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How I Deal With Scary Imposter Syndrome In My 30s

I saw a shirt recently that said “Just a kid trying to survive adulthood.” I can’t explain the amount of relief I felt when I saw that shirt because I felt seen. The amount of imposter syndrome is unreal!

Now I don’t truly see myself as a kid, but this adulthood thing isn’t for the weak. We are all trying to survive, the confirmation I needed was right there on that shirt.

One of the biggest insecurities I have been having in my adulthood is feeling like an imposter. It’s one of the reasons why I was so scared to turn 30, because I didn’t feel ready, or “adult” enough.

Today I’m sharing what I struggle feeling like an imposter with. Maybe you’ll have the same ones? Then I’ll show you how I’m dealing with those feelings of imposter syndrome.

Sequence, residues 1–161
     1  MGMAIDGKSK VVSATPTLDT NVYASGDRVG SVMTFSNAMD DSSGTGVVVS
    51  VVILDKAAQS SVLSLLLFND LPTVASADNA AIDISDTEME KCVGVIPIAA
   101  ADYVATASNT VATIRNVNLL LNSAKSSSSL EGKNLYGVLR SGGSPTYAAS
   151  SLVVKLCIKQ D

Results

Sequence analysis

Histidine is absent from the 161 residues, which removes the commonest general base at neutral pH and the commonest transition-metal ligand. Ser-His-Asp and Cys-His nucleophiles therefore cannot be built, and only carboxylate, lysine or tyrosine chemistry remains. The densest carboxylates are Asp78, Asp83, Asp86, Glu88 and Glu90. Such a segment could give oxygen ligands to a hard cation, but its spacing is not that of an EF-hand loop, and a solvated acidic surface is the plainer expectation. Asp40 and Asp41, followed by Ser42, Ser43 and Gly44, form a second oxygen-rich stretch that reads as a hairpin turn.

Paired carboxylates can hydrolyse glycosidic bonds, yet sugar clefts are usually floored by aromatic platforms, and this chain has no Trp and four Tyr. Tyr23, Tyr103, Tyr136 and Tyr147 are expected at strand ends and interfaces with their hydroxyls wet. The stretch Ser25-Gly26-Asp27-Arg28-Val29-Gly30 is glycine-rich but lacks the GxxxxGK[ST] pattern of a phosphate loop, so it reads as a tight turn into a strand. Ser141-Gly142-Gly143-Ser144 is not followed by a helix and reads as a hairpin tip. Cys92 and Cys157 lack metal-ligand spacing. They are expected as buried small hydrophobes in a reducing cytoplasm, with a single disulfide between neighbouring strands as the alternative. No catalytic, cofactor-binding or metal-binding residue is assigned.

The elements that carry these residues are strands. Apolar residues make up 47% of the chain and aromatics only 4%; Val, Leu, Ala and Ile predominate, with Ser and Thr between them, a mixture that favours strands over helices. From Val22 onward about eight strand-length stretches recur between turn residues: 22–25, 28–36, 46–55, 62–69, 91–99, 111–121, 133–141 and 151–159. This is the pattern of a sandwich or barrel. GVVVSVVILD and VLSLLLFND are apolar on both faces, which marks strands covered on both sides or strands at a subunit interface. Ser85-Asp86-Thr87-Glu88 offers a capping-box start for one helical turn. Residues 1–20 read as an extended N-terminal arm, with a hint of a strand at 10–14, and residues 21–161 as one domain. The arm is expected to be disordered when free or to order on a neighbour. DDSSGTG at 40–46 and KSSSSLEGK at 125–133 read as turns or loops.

imposter syndrome struggles

What Is Imposter Syndrome

The Merriam-Webster Dictionary defines imposter syndrome as, “a psychological condition that is characterized by persistent doubt concerning one’s abilities or accomplishments accompanied by the fear of being exposed as a fraud despite evidence of one’s ongoing success.”

In my experience it can range from light feelings of feeling out of place to crippling anxiety about the trajectory of my life. It all depends on how my mental health is in the situation.

What Makes Me Feel Like An Imposter

There are three main areas of my life that I feel imposter syndrome the most in, especially now that I’m in my 30s.

My lack of big milestones

I haven’t done the major things that people around my age have done. Things like moving out of my family home, getting married, and having a great job still await me.

However I’ve had some cool things happen in my life. For example, releasing products, going for a dream of mine, etc., but my mind says it’s not enough.

My lack of work experience

Like I mentioned above, I am not a job that I would consider great right now. I thought I knew what career field I belonged in, but since it’s been so long since being in it, I don’t know what I want anymore.